The UK can not expect to hold on to “bits” of its membership after leaving the EU, Theresa May has said. The prime minister’s comment came after she was asked whether she would “prioritise” Controlling immigration over staying in the single market.
May said her approach was not “muddled” Following criticism by the UK’s former EU ambassador. Mrs May, whose critics have demanded details of her plans, promised to provide this in the coming weeks. But Labour Urged the prime minister to give more clarity ahead of the most important Negotiations for a generation.
Brexit talks with the EU are expected to begin as early as April 2017. There has been much debate in recent weeks about the nature of the deal the British government is aiming for, in particular whether controls on the movement of EU citizens will mean the UK leaves the European single market and customs union.
Theresa May does not like to give a running commentary on Brexit, so we have to read between the lines on this one. While she did not go as to say she would ditch single market access in favor of being free to control EU immigration, she certainly appeared to hint at it.
Mrs May said the UK would have control of its borders and the best possible trade deal with the EU. She did not commit to maintaining single market access, and she suggested that people who thought the country could keep bits of EU membership were missing the point that it would be leaving. But, as with so much in the Brexit debate, clarity over the UK’s position in the negotiations, which will start very soon, remains lacking.
Mr Ivan Rogers, who resigned as the UK’s ambassador to the EU last week, criticised muddled thinking among ministers. The prime minister has promised to invoke Article 50 of the Lisbon Treaty – getting formal Brexit Negotiations with the EU- by the end of March 2017. Asked Whether she was prepared to prioritise full control over immigration above membership of the single market, Mrs May said: Often people talk in terms as if somehow we are leaving the EU, but we still want to kind of keep bits of membership of the EU. We are leaving. We are coming out. We are not going to be a member of the EU any longer. So the question is what is the right relationship for the UK to have with the European Union When we are outside. We will be able to have control of our borders, control of our laws.”
“This is what people were voting for on 23 June 2016. But of course we still want the best possible deal for us, for our companies to be able to trade, for UK companies to be able to trade in and within the European Union and European companies also to be able to trade with the UK within the UK.”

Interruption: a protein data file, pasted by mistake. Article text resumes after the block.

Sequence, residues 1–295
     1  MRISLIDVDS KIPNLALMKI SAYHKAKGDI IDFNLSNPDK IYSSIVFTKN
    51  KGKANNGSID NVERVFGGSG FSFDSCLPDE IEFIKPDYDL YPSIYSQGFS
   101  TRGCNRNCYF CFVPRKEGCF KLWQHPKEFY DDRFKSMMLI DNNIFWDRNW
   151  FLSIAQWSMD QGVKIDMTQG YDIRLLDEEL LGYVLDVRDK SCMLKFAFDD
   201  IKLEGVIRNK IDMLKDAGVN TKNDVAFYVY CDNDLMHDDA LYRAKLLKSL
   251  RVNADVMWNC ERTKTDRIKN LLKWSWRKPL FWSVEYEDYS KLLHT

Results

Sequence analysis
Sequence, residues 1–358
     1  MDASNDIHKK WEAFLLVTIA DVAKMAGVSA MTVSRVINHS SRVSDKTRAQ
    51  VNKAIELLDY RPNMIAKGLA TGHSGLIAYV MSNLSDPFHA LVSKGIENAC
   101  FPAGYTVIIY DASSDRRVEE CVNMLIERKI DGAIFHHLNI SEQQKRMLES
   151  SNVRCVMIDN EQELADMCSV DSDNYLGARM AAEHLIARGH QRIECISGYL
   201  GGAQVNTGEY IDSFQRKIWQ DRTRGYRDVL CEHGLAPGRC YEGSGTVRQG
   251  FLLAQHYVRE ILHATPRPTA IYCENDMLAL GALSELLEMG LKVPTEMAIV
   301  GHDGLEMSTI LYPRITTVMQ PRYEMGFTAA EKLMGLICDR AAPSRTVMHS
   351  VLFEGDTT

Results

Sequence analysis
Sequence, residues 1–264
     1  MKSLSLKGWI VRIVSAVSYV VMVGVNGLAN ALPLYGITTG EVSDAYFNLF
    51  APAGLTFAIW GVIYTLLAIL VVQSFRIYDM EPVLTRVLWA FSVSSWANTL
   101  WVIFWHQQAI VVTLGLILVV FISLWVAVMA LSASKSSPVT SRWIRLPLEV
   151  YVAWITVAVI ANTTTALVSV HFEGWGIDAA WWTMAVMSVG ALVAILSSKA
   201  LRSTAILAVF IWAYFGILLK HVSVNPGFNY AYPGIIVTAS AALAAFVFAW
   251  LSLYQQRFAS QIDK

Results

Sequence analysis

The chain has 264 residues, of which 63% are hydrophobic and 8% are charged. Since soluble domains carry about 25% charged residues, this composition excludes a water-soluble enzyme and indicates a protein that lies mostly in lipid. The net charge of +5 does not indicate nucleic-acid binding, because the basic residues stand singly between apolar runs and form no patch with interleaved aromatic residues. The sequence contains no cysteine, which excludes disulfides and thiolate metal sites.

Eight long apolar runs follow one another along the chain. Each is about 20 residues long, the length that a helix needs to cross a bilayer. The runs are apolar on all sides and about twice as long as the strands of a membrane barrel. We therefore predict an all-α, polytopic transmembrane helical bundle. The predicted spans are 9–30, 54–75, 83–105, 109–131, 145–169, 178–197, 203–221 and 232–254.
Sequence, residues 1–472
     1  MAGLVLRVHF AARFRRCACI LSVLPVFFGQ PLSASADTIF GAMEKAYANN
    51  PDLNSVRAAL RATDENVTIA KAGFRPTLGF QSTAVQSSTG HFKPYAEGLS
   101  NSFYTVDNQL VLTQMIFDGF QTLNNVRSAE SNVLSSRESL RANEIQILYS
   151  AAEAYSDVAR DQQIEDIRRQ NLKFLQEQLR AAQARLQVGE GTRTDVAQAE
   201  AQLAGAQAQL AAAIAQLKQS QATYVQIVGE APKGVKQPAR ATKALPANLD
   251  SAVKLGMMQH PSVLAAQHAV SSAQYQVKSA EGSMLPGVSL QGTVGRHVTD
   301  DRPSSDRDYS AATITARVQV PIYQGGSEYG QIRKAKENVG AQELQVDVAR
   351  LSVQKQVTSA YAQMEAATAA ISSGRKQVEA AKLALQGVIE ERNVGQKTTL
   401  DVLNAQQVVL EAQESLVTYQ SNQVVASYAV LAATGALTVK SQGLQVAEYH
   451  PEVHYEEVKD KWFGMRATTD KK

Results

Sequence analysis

In the referendum last summer, voters Opted by 51.9% to 48.1% in favor of Brexit.
Mrs May further said: “Over the coming weeks, I’ll be setting out more details of my plan for Britain. Yes, that’s about getting the right deal for Brexit, but it is also about economic reform. It’s about getting the right deal internationally, but it’s also about a fair deal at home.”
Taking back control
There are some question put to May that still she did not answer it, which is is she’s prioritising immigration over access to the single market?
That was the question the British Prime minister May did not want to answer. And I think now, 10 to 11 weeks from the triggering of Article 50, and the most important negotiations for a generation, British people need more clarity than that, clarity that they have not got.”
Liberal Democrat leader Tim Farron said Mrs May’s comments confirmed she is taking Brits towards a disastrous hard Brexit that will leave their country poorer and more divided. Labour MP and leading supporter of pro-EU Open Britain group, Chuka Umunna, said: “Any trading arrangement outside the single market would erect barriers with our largest trading partner and would be disastrous for the UK economy, jobs and businesses.”
Pound falls on May’s Brexit comments
The value of the pound has fallen to a two-month low against major currencies after Prime Minister Theresa May signalled the UK would pursue a so-called “hard Brexit” from the EU. Sterling fell about 1% across the board. The only currency against which it gained ground was the Turkish lira.
The Prime Minister having dismissed the idea that the UK could keep bits of membership in EU, has triggered the anger ogf British people who interpreted this as meaning that Mrs May would not seek to keep the UK in the EU’s single market, with radical consequences for the country’s economy.
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